Highland High’s Art Gallery
May 05, 2016 04:13PM ● Published by Elizabeth Suggs
By Elizabeth Suggs
Sugar House - The Highland High Art Gallery is a chance for students to both showcase their work and see new art pieces.
The arts council meets monthly during lunch hour with teachers and parents gathered to focus on how to keep the Highland High fine arts program alive, according to Luanne Schmidt, a member of the arts council.
“With respect to the gallery, Lori Draper-Smith asked [as a new parent member] ‘why not a Gallery?’ and would not rest til we had a good answer,” Schmidt said. “So she and I pursued as advised by those who shared with us the history, and learned that the money was still available.”
Schmidt found that help from the administration and district arts supervisor, as well as funding from Mahas Construction and Highland Foundation, made the council’s art gallery dream come to life.
Functionally, according to Schmidt, the arts gallery should continue to support exactly what it planned to support: advocating or supplemental funding, upgrades for art, enhanced lighting and more. However, the arts gallery did open its doors, according to Schmidt, to the rest of the school.
Other than the visual arts of student work, the gallery has been used for PTSA district reflections, award announcements, Homecoming displays of scrapbooks, vintage cheer and officer, marching band and pep club outfits and welding masterpieces. Other displays include the 50-year Highland High birthday celebration and 60-year Highland High birthday celebration, as well as the upcoming annual spring celebration of the arts, tARTanFEST, on May 17.
During the last gallery, students took part in the “Guernica” project, a piece by Picasso. Most notable as one of Picasso’s most famous works, according to the Pablo Picasso website, Guernica is “certainly his most powerful political statement, as an immediate reaction to the Nazi’s casual bombing practice during the Spanish Civil War in the Basque town.”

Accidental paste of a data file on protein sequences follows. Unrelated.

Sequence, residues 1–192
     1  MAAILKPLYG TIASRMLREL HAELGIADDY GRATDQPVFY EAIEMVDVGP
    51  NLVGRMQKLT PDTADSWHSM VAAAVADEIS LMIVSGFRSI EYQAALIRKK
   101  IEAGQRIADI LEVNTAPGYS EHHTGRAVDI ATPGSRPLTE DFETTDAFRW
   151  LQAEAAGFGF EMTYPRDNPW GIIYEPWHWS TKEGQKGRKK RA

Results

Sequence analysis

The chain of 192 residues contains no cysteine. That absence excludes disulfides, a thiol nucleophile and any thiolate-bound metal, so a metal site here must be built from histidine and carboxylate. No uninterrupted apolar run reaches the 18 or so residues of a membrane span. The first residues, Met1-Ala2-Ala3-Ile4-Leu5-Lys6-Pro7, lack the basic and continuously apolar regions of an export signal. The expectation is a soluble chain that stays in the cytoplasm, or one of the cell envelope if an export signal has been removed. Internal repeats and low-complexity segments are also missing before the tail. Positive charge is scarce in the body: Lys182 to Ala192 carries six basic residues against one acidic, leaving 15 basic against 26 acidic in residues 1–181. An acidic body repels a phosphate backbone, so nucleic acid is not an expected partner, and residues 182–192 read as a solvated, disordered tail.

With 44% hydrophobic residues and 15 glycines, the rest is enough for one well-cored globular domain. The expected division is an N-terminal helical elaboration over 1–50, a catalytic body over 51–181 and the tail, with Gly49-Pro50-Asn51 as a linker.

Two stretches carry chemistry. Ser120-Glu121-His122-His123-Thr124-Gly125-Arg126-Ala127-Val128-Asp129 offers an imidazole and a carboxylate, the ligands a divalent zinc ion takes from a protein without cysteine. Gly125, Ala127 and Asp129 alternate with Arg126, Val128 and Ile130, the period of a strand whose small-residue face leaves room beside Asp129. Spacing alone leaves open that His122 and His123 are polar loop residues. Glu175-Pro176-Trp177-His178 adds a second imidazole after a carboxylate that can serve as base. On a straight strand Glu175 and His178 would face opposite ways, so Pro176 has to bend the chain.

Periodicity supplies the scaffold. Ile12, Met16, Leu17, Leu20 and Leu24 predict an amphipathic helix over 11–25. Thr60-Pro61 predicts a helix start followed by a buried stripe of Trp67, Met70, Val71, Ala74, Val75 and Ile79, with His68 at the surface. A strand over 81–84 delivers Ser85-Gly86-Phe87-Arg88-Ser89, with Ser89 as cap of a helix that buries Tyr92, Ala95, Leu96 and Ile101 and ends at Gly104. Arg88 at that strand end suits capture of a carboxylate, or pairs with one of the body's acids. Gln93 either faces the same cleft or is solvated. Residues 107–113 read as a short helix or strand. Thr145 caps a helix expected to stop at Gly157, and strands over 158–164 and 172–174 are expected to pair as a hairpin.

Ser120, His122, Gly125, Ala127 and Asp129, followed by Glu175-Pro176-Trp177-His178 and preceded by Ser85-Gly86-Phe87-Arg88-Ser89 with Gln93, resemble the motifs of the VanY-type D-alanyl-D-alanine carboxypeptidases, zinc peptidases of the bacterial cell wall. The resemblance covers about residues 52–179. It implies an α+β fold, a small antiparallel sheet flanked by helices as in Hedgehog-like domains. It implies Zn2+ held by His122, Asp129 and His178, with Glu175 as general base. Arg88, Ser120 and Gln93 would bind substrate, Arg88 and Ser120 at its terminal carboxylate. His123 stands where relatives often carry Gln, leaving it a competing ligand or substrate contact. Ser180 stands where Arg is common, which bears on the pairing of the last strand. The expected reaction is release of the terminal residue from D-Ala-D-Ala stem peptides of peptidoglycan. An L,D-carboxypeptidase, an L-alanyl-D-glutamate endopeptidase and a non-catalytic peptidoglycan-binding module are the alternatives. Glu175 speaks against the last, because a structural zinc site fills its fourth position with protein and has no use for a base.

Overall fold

The art piece was divided into about 32 pieces, according to Carter Williams, Highland High’s ceramics teacher.
This is a common phenomenon, according to Williams, and because of this, Williams said he was hard pressed to choose between a particular art project, student or otherwise, that he thought was his favorite.
Despite the difficulty of choosing a favorite student work or art piece, Williams looked forward to one particular art piece: a dedication to the recently deceased Highland High teacher and former CIA member, Pat Eddington
However, the dedication hasn’t yet gone through any of the appropriate channels. School bodies, like the School Improvement Council or the School Community Council have yet to say for certain whether it will be dedicated to him. So to say the dedication will happen, according to Williams, is “jumping the gun.”
For Schmidt, both Eddington’s retirement and death were sudden.
“No chance for goodbyes,” Schmidt said. “These visual arts teachers — and many other staff and teachers in the building — interacted and were friends with Pat for many years. News of his passing was shared with us at our monthly arts council meeting just a few weeks ago, days after it happened.”
The problem with having an art piece dedicated to Eddington, according to Schmidt, was how little Eddington wanted recognition.
“[Eddington] was clear he did not want any recognition,” Schmidt said. “As of this date I do not know what progress this idea of dedicating the gallery to Patrick Eddington has made; but we all supported as a council whatever these teachers wanted to do.”
Eddington was also clear to not have an obituary, according to Williams, just a tribute.
Though Eddington doesn’t have a love for the spotlight, for Schmidt, the art gallery is not just spotlighting great contributions; it’s also about the different cultures that are expressed.
“The arts — visual, music, dance, ceramics, literary, etc. — are a universal medium and language of their own, offering a safe and accepting place to risk expressing yourself,” Schmidt said. “Arts have the potential to connect us to one another, even when we don’t speak the same native language. These fine arts teachers are the facilitators of those connections and expressions.”